It sounds like A.J. Puk will get every chance to prove himself as a starter in Mike Fiers’ absence to begin the regular season. But there’s another southpaw who’s quietly making a strong case to break camp as the A’s No. 5 starter this spring: Cole Irvin.
The A’s acquired Irvin in a low-profile transaction with the Philadelphia Phillies on Jan. 30, sending cash to the Phils for the left-hander who made 19 MLB appearances during the 2019-20 seasons.
After watching Irvin throw four scoreless innings in Friday’s game against the Cubs, A’s manager Bob Melvin said the No. 5 starter spot behind Chris Bassitt, Jesus Luzardo, Frankie Montas and Sean Manaea is still up for grabs.
“We’re stretching [Irvin] out to be a starter,” Melvin said on Friday. “Nothing’s been decided there. Depending on Mike [Fiers], we know we have four guys. It’s the fifth guy that’s still kind of up for grabs at this point.”
Sounds like Cole Irvin remains firmly in the hunt with A.J. Puk and Daulton Jefferies to be A’s fifth starter to begin season.
BoMel discussed after Irvin pitched 4 scoreless IP yesterday, here’s his spring so far:
12 IP, 9 H, 2 ER, 1 BB, 8 K, 1.50 ERA, 0.83 WHIP pic.twitter.com/RPodBsIz4h
— The Rickey Henderson of Blogs (@RickeyBlog) March 20, 2021
Like many of the A’s starters, Irvin sports an impressive walk-to-strikeout ratio this spring at 8-to-1 through 12 innings pitched. Irvin relies mainly on a three-pitch mix: a sinking fastball that hovers around 90-92, a changeup he throws about 25 percent of the time, a slider he throws about 20 percent of the time and an occasional curve.
Irvin has always been something of a control freak, with an impressive 3.69 strikeout-to-walk ratio in four minor league seasons and 1.9 BB/9. His body of work in the minors also includes an impressive 3.07 ERA and 1.15 WHIP.
But he’s had a rocky go in the big leagues. He made 16 outings (three starts) with the Phillies in 2019, posting a 5.83 ERA, 5.06 FIP and 1.39 WHIP in 41 2/3 innings. Last season he appeared in three games and got knocked around for seven runs in 3 2/3 innings to push his MLB ERA to 6.75.
Still, Oakland deserves credit for making a low-risk move that could eventually pay off.
Since the beginning of camp, Irvin has said his goal is obviously to make the big-league club.
— The Rickey Henderson of Blogs (@RickeyBlog) March 3, 2021
Puk made his spring debut on Wednesday and lasted two innings, but the plan is to stretch him out to three innings in his next start and up to about four innings for his final Cactus League tune-up.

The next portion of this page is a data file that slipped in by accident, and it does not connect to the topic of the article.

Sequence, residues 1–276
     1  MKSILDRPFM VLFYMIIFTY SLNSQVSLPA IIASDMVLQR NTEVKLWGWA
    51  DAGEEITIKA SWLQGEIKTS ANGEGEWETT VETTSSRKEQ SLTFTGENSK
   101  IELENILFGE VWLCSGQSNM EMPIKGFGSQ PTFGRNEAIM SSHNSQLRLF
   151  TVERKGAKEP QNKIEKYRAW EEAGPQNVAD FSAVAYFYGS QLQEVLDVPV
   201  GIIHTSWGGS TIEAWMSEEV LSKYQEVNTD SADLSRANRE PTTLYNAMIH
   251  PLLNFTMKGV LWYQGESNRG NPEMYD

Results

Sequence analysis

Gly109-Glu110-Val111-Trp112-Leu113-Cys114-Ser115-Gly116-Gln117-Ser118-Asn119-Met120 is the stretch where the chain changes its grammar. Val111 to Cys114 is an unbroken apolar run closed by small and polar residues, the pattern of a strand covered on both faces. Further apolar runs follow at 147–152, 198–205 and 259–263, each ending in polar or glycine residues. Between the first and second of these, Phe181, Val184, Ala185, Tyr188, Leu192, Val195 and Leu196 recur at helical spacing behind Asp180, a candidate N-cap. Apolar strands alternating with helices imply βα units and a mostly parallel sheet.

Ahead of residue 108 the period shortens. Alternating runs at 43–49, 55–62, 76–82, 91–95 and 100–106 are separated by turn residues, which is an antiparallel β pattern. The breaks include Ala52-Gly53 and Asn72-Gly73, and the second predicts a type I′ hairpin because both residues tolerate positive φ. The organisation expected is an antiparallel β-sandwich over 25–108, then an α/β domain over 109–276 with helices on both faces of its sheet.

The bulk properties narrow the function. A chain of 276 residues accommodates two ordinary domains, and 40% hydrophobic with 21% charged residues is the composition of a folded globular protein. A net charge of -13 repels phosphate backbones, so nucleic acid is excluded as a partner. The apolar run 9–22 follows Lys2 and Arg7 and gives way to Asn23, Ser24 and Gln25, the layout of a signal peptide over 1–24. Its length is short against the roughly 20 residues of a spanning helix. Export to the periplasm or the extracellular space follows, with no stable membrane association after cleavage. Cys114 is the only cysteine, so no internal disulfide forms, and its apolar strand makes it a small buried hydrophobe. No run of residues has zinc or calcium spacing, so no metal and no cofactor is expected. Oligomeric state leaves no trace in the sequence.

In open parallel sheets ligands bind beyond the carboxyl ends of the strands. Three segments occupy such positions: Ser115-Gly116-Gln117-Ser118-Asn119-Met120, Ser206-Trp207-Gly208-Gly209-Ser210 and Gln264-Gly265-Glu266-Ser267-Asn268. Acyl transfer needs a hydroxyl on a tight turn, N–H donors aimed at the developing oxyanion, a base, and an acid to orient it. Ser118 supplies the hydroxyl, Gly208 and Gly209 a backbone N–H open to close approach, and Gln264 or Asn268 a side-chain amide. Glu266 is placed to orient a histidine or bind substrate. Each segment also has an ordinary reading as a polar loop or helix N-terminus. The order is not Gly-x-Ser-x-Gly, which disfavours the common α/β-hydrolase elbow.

Ideally for the A’s, Puk will stay healthy and be built up to go about five innings in his regular-season debut as the No. 5 starter.
Sounds like A.J. Puk will have every chance to earn 5th starter spot.
BoMel says plan is to stretch him out to 3 IP next start with goal to get him to 5 IP by regular season. pic.twitter.com/ypzNeUyf8o
— The Rickey Henderson of Blogs (@RickeyBlog) March 18, 2021
But the A’s have a couple of emerging insurance options in Irvin and Daulton Jefferies, who struck out six batters in three innings on Wednesday and also remains firmly in the running for an opening day roster spot.
Assuming Fiers (hip inflammation) is on the injured list to begin the season, the A’s will likely have two spots for the three guys competing — the No. 5 starter and the last spot in the bullpen, which would be logical to use on a long man given the team’s current pitching staff construction.
A’s pitching staff projection with Fiers (hip inflammation) doubtful for opening day:
13. Jefferies? Smith? Irvin? Weems?
— The Rickey Henderson of Blogs (@RickeyBlog) March 15, 2021
Puk will likely get a long leash as the A’s await the blossoming of their top prospect, who turns 26 in April. Irvin, Jefferies and Puk all have options remaining this season, according to Fangraphs, so the organization can freely shuttle them between the bigs and the minors without fear of putting them on waivers.
Puk’s health will be key to this whole situation, but the A’s have appear to have some in-house depth to soften the loss of Fiers, who has been a valuable innings eater during his time in Oakland.